Friday, 13 January 2012

Feliz Año Nuevo

I never thought it would come to this. New year’s eve in a hotel bar listening to jingle bells. Still, we were grateful for it after the couple of hours we’d had.

It all started so promisingly. The BH (Better Half) and I had arrived in Seville on the 30th after finding a deal on and had found a bustling city centre where each narrow street was filled with table of people eating beautiful looking tapas.

After getting over the shock of seeing people eating outside in late December we found a table of our own and stuffed our faces.

I was preparing myself mentally for the problems one might face on new year’s eve in London. I made a note of as many interesting bars as I could so that we would have options on the big night. After all, we might not be able to get in to our first choice. They’ll probably be rammed with fiesta-ing Sevillianos right? Wrong.

The BH and I hatched a foolproof plan. We would head in to town, pick one of the many restaurants offering new years eve set menus and soak up the ambiance and see what goes on when the bell strikes 12. If there wasn’t much atmos in the restaurant we’d track down a bar full of locals and see what they were up to. Seville has loads of bars and hardly any non-Spanish tourists so we were guaranteed the real deal. See? Foolproof.

We got all dressed up in the hotel and I have to confess my mouth was watering at the prospect of all the Iberian culinario delights awaiting us. Bussed it in to Santa Cruz with that excited feeling you get before something great happens. Christmas morning as a child, parties as a teenager and food and wine as an adult.

I was imagining that there would be all sorts of Spanish stuff going on. Singing and jolliness or something. I suppose I only had a nebulous idea of what it would be like. Just something I hadn’t seen before.

It turned out that a bit more research was needed.

We’d been in Seville for about 30 hours and been mightily pleased with how cheap all the glorious food was. We were flabbergasted therefore to see the restaurant known to us as ‘Cow Place’ wanted €92 for a tapas meal with one glass of wine. One glass.

We had christened it ‘Cow Place’ as there is a life sized statue of a cow in the restaurant staring down at those eating its non-papiermaché cousins. A touch eccentric I’ll grant you but it looked cute and we had thought we would go there if we could get a table. The normal menu, displayed outside, was reasonable enough and it had seemed popular the night before so it seemed like a good plan.

This night it wasn’t very busy and we can all guess the reason. After all, we’d need a lot of wine to get over paying so much and God knows what a bottle of vino tinto would have been. On December 31 anyway.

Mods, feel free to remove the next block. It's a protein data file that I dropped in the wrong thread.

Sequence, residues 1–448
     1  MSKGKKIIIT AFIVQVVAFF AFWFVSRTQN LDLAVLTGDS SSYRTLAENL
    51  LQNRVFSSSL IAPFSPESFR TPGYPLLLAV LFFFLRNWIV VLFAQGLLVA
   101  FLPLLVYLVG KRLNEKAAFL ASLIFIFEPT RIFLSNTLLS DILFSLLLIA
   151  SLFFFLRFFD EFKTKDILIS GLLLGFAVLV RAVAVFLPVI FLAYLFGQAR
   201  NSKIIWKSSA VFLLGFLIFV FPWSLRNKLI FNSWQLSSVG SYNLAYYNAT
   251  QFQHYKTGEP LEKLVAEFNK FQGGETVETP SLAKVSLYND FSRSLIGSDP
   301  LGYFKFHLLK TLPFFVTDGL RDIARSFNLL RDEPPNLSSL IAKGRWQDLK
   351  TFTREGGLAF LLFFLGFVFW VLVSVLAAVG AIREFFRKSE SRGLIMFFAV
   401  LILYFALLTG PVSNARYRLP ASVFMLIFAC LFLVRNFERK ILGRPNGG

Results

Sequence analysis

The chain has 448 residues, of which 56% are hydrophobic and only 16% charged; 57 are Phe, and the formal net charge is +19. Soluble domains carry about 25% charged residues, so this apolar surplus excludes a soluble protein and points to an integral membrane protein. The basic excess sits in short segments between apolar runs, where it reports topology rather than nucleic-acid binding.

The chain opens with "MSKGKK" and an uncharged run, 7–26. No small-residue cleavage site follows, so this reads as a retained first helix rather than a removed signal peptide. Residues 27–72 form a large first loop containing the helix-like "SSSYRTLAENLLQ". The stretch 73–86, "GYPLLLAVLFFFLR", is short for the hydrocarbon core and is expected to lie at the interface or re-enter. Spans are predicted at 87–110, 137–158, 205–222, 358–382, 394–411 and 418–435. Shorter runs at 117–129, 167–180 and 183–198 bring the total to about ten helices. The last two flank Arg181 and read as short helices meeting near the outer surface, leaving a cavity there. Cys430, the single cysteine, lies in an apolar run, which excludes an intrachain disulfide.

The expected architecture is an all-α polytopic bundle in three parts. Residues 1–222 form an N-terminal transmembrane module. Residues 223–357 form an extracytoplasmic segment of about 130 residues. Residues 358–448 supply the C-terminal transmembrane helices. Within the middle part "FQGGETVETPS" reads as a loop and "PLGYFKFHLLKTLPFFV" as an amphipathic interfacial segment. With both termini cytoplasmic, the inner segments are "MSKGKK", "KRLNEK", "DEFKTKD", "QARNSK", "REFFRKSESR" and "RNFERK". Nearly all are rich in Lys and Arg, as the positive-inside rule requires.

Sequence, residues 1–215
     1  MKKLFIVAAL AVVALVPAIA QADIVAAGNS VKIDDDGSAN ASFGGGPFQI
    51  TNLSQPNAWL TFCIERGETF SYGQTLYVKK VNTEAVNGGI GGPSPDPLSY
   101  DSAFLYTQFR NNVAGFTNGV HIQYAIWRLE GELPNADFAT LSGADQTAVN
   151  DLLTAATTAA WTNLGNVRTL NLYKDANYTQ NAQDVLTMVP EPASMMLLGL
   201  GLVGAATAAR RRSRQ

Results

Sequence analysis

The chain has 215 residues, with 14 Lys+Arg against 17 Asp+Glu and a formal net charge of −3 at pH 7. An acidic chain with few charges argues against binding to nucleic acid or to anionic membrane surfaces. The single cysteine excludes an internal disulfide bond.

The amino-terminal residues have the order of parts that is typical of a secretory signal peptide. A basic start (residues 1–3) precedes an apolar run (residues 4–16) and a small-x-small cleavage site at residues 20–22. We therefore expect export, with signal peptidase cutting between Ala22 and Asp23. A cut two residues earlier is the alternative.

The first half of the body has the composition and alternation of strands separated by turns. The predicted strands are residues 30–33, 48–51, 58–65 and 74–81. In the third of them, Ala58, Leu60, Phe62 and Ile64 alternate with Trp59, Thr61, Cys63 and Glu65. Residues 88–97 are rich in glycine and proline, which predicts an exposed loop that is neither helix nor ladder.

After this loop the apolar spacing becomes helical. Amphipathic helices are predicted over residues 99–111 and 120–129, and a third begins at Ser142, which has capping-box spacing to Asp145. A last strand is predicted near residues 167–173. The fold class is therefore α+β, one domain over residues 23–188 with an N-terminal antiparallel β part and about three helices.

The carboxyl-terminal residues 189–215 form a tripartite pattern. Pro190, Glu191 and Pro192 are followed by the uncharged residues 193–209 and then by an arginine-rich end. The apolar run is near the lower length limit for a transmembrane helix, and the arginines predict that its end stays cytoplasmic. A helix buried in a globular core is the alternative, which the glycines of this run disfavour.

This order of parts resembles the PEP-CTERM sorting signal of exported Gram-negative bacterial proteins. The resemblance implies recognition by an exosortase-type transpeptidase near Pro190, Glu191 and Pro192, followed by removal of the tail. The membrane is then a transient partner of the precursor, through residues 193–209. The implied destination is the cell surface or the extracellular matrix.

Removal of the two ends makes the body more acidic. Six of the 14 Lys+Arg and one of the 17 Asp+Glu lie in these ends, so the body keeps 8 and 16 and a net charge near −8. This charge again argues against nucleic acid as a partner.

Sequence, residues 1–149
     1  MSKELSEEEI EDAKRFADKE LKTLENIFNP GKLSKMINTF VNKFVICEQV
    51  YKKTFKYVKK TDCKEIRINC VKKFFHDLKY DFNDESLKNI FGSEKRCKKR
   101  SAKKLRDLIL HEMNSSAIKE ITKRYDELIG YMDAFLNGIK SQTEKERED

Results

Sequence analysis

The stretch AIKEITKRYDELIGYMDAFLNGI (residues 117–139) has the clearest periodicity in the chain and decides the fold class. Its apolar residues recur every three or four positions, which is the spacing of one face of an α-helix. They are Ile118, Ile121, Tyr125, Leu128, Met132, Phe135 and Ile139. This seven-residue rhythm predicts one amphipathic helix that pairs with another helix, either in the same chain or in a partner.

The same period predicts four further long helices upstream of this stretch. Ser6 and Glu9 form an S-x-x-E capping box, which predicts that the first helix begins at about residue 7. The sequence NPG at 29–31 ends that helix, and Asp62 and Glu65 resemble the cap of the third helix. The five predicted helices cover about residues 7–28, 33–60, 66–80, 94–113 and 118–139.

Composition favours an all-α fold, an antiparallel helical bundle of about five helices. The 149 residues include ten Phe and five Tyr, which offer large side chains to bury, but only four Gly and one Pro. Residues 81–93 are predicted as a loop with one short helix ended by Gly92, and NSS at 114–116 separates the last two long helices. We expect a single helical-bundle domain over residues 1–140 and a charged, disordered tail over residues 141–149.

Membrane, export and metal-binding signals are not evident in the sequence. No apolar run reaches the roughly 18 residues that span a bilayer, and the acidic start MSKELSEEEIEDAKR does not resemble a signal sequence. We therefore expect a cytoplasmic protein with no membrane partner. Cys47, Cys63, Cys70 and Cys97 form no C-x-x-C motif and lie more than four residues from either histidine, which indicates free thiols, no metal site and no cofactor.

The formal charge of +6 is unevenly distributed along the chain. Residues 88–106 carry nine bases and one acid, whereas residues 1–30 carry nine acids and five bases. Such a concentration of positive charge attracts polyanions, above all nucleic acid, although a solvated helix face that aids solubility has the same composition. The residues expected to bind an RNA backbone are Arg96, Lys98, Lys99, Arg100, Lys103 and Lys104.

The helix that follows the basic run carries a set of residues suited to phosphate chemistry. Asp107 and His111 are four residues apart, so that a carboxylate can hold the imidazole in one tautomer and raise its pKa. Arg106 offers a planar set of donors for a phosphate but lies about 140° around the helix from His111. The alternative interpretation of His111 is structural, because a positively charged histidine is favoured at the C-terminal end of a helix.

Eventually we found a place for €40 for 3 courses. It was Italian. So much for an authentic Spanish new year but we were lucky to get in. A couple were um-ing and ah-ing about whether or not to go in and we nipped in and got the last table for two.

The decor was modern. Black walls and mirrors. The floor looked like party poppers had been popped.

It turned out that this €40 deal thing involved us sharing a pizza. So I guess €40 for two and a half courses and a glass of Lambrusco.

The second phase of the foolproof plan was starting to look more likely.

The food was all right. Nothing special. The service was pretty awful. Very inattentive and definitely getting the vibe that they wanted us to leave as soon as possible. They even seemed reluctant to let us buy more wine than the afore mentioned glass of Lambrusco. For once this had nothing to do with our behaviour. We found out why when we had had enough and paid up with a suitably tiny tip.

There was a huge crowd outside. I say ‘crowd’ rather than ‘queue’ because this is Spain and therefore ‘queue’ is not appropriate. They swamped us as we came out. They were so pushy I wouldn't be surprised to learned my phone had been hacked.

Phase two had its problems too.

Prepare yourself to read something truly shocking.

Are you prepared?

Every bar in Seville was shut. That’s right. New Year’s eve. Every bar. Shut.

I guess I was looking forward to something I’d never experienced before. It took about an hour to work out that every single thing was shut. I think it really sunk in when we saw the Scottish bar was closed.

Some of you are probably thinking 'Ah, but things open late in Seville. If you'd have hung around for a while you'd have found something great.' Well, maybe. But it was gone 11 and if they're not open by then they should see a business advisor.

Time was starting to run out and we needed to see in the new year somewhere. Somewhere with a bar. It was going to have to be the hotel.

We had no problem getting a cab as everyone was still fighting over our table in the restaurant.

As the cab pulled up a group of people were waiting to take it back to town. Surely this couldn’t mean even the hotel bar was closed? Or that things were about to liven up in town?

Find out in the next installment: Feliz Año Nuevo Dos - This Time It’s Hotel